Clos­ings have re­shaped in­dus­try

New strate­gies may be­come per­ma­nent

Calgary Herald - - REOPENING CANADA - STEPHANIE BABYCH sbabych@post­ Twit­ter: @Baby­ch­stephanie

Many re­tail­ers in Calgary quickly piv­oted to on­line sales and curb­side pickup mod­els when their stores were forced to close due to the COVID-19 pan­demic.

But as they re­open as part of the eco­nomic re­launch, they’re find­ing some of the changes to re­tail shop­ping could be per­ma­nent.

“This forced busi­nesses to look at other ways of do­ing busi­ness and I think that’s re­ally, re­ally good, be­cause a lot of peo­ple don’t think about piv­ot­ing or mod­i­fy­ing how they do busi­ness,” said Jill Hawker, owner of The Apothe­cary in In­gle­wood. “But all of a sud­den it was, ‘Oh, well, we have this on­line model that’s to­tally work­ing. Let’s keep that when we open our doors again.’

“I think this can be seen as a pos­i­tive thing through all of this.”

The Apothe­cary found a new rhythm and fre­quent shop­pers through its on­line and curb­side-pickup model dur­ing quar­an­tine, and Hawker said it will be stick­ing around even though the store has re­opened. Be­cause of the suc­cess of the new model, Hawker didn’t have to lay off staff and will be look­ing to hire in the com­ing weeks.

“We had been plan­ning a de­liv­ery model any­way, but we sped it up by a few months and we are now able to reach peo­ple in com­mu­ni­ties that aren’t able to make it to In­gle­wood all the time,” Hawker said.

Makenzi Smith, gen­eral man­ager of The Livery Shop in In­gle­wood, said the de­liv­ery sys­tem they started dur­ing COVID -19 clo­sures will be put on pause un­til they sort out the re­open­ing of their store, with the re­hir­ing of staff and train­ing in safety pro­ce­dures.

Their curb­side-pickup pro­gram has been in­creas­ingly suc­cess­ful, so Smith said they will con­tinue of­fer­ing it to give cus­tomers as many op­tions as pos­si­ble so they feel safe while shop­ping.

“We’re try­ing to fig­ure out how to split our team up into be­ing a sales-fo­cused team in the brickand-mor­tar store, but also hav­ing a ful­fil­ment team that does all the back­ground work that hap­pens with de­liv­er­ies,” Smith said.

“This gave us the push that we needed and, as a team, we’ve re­ally fig­ured out how to be­come a ful­fil­ment warehouse cen­tre. We were putting out quite a lot of or­ders at the peak of ev­ery­thing hap­pen­ing. It’s still very com­pa­ra­ble to the sales we were get­ting in-store on a reg­u­lar ba­sis.”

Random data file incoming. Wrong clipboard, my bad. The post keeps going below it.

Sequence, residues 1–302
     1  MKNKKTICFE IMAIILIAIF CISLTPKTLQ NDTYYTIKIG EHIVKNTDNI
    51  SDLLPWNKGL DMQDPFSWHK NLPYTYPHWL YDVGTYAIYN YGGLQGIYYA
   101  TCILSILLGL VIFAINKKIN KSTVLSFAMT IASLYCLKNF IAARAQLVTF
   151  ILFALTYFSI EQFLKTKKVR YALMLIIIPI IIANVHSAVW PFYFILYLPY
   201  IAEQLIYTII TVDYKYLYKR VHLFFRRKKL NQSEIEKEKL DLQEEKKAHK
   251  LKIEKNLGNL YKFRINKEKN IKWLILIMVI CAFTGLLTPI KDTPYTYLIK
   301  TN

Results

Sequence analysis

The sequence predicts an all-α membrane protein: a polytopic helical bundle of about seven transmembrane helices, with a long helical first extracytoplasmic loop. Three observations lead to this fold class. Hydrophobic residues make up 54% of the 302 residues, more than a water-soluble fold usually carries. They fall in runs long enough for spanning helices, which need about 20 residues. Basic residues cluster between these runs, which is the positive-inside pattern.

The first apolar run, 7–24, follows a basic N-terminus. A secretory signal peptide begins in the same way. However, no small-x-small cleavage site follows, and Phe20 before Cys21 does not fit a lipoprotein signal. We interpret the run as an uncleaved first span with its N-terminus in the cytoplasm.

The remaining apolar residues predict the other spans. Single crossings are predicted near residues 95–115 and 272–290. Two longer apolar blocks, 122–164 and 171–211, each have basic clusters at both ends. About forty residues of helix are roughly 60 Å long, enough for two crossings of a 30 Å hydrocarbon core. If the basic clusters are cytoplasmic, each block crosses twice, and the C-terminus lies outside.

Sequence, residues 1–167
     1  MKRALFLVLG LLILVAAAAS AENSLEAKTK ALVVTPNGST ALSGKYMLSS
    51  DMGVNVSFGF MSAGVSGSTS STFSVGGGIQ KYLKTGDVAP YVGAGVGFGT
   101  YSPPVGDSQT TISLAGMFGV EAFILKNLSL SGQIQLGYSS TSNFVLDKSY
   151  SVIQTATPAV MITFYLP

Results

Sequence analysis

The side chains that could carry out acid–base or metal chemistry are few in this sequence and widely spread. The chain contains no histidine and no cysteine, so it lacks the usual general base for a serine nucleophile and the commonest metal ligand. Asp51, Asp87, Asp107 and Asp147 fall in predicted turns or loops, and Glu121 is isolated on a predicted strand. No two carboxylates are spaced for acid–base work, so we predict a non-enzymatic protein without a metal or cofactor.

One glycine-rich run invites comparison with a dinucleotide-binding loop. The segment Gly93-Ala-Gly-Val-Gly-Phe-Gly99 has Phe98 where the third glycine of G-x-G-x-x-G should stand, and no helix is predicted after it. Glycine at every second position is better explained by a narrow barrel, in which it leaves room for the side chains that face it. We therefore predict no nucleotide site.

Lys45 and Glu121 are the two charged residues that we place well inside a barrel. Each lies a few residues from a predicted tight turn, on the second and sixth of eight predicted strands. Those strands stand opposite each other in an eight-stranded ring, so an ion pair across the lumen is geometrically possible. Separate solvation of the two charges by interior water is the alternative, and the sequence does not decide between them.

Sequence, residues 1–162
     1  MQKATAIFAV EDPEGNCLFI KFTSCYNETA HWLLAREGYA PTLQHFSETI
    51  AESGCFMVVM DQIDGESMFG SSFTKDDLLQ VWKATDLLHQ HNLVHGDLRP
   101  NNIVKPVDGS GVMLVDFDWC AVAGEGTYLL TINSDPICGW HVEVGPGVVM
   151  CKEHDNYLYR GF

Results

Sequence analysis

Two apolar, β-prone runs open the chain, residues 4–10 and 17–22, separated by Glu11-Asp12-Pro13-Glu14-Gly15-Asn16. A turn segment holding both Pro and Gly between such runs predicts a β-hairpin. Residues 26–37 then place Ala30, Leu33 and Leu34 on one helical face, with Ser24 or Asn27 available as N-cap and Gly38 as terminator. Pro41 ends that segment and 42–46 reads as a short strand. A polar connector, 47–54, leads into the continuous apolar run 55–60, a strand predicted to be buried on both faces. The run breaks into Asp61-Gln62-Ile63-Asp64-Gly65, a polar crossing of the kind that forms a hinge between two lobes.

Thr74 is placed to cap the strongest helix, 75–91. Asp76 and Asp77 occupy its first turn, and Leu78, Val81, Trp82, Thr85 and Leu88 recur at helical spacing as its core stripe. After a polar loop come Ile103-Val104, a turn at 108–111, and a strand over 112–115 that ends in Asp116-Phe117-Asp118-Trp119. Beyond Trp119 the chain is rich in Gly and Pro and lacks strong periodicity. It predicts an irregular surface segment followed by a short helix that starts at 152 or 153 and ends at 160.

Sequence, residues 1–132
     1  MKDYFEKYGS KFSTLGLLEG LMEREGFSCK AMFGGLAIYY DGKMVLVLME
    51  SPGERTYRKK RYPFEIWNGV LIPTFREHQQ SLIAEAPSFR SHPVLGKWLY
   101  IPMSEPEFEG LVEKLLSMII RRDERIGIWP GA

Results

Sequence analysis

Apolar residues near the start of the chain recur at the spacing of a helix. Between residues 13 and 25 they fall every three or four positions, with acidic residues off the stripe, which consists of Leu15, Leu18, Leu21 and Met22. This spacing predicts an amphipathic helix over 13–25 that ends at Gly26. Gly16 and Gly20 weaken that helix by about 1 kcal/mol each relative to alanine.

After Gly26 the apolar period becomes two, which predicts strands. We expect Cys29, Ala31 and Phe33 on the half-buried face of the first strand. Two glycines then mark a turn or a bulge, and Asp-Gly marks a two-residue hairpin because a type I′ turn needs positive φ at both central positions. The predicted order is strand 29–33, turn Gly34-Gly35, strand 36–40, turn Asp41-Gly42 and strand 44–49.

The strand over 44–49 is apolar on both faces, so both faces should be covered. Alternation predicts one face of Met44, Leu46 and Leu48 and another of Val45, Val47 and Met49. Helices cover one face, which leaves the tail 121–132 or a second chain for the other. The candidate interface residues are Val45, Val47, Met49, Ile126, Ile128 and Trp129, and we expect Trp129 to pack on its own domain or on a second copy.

On March 27, the prov­ince told non-es­sen­tial busi­nesses — which in­cluded many re­tail stores, hair sa­lons, bar­ber­shops and tat­too par­lours — to close. At the time, there were just over 500 con­firmed cases of the novel coro­n­avirus in Al­berta.

As of June 18, Al­berta was sit­ting at 486 ac­tive cases and 7,579 con­firmed cases of COVID -19, and re­tail busi­nesses have been given guid­ance from Al­berta Health as phys­i­cal stores re­open.

For Kevin Kent, owner of Kent of In­gle­wood, it was im­por­tant to have a manda­tory mask pol­icy in his stores to pro­tect the health of cus­tomers and staff — even though he has re­ceived some push­back from cus­tomers.

“If you don’t have a mask, we’ll sup­ply one when you come in, but it seems some peo­ple are against them for some rea­son,” he said.

Kent had a strong on­line pres­ence be­fore clo­sures, so the tran­si­tion to on­line-only wasn’t as chal­leng­ing as it was for some. How­ever, he used his ex­tra time to cre­ate tu­to­rial and ed­u­ca­tional videos for so­cial me­dia about the prod­ucts, shav­ing tech­niques and more.

“We ac­tu­ally have a whole bunch of new cus­tomers just by reach­ing out to them through cool con­tent on­line,” he said.

Jonathan Kane, owner of The Naked Leaf tea shop in Kens­ing­ton, said the en­cour­age­ment many Cal­gar­i­ans felt to buy lo­cal dur­ing quar­an­tine was a great boost for many lo­cal busi­nesses at a time when sales were down.

“I’m hop­ing peo­ple are see­ing the value in shop­ping lo­cal and how much in­de­pen­dent, small busi­ness brings to their com­mu­nity and to the city as a whole. I’m hop­ing that con­tin­ues into the fu­ture,” Kane said.

He in­tro­duced a curb­side-pickup model that was fairly suc­cess­ful in keep­ing the busi­ness run­ning while the store­front was closed.

Jen­nifer Le­blond, the owner of Steel­ing Home on 17th Av­enue, said the rise in lo­cal shop­pers has helped busi­nesses tremen­dously af­ter the loss of all tourists.

“Be­cause no one’s leav­ing on va­ca­tion, the lo­cals are here and they’re fix­ing their yards, re­or­ga­niz­ing their house and they have time to shop here. We’ve seen a dif­fer­ent group of peo­ple who are now shop­ping lo­cal,” Le­blond said.

Al­though new mod­els helped off­set the drop in sales, Kane is still con­cerned about what the cli­mate will look like for small busi­nesses five to six months from now af­ter many have been drain­ing their sav­ings to stay afloat dur­ing quar­an­tine.

“I think the land­scape is still chang­ing. I’m still be­ing care­ful. I love my busi­ness, we all love our busi­nesses, but we might have to con­sider if it’s worth it to go bank­rupt just to keep the doors open in a few months if sales don’t re­turn to nor­mal,” Kane said.


Jonathan Kane, owner of The Naked Leaf in Kens­ing­ton, saw suc­cess dur­ing quar­an­tine with curb­side pickup.

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